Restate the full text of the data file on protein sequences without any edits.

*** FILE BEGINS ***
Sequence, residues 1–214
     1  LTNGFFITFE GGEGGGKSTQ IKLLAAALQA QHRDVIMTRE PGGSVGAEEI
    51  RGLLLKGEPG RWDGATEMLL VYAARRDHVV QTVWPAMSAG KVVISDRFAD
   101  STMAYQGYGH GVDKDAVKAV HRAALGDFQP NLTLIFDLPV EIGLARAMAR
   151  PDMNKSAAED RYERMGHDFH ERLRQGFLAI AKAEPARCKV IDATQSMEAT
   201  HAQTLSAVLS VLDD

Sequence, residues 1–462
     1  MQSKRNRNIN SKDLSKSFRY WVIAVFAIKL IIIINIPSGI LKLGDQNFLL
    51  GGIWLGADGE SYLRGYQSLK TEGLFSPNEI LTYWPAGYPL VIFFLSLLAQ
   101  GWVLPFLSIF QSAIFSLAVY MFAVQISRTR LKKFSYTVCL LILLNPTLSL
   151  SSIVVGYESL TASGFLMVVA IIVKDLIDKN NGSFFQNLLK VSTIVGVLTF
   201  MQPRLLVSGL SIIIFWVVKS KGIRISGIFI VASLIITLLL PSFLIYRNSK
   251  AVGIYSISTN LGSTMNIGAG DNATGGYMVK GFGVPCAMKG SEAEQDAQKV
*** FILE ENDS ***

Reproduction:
Sequence, residues 1–214
     1  LTNGFFITFE GGEGGGKSTQ IKLLAAALQA QHRDVIMTRE PGGSVGAEEI
    51  RGLLLKGEPG RWDGATEMLL VYAARRDHVV QTVWPAMSAG KVVISDRFAD
   101  STMAYQGYGH GVDKDAVKAV HRAALGDFQP NLTLIFDLPV EIGLARAMAR
   151  PDMNKSAAED RYERMGHDFH ERLRQGFLAI AKAEPARCKV IDATQSMEAT
   201  HAQTLSAVLS VLDD

Sequence, residues 1–462
     1  MQSKRNRNIN SKDLSKSFRY WVIAVFAIKL IIIINIPSGI LKLGDQNFLL
    51  GGIWLGADGE SYLRGYQSLK TEGLFSPNEI LTYWPAGYPL VIFFLSLLAQ
   101  GWVLPFLSIF QSAIFSLAVY MFAVQISRTR LKKFSYTVCL LILLNPTLSL
   151  SSIVVGYESL TASGFLMVVA IIVKDLIDKN NGSFFQNLLK VSTIVGVLTF
   201  MQPRLLVSGL SIIIFWVVKS KGIRISGIFI VASLIITLLL PSFLIYRNSK
   251  AVGIYSISTN LGSTMNIGAG DNATGGYMVK GFGVPCAMKG SEAEQDAQKV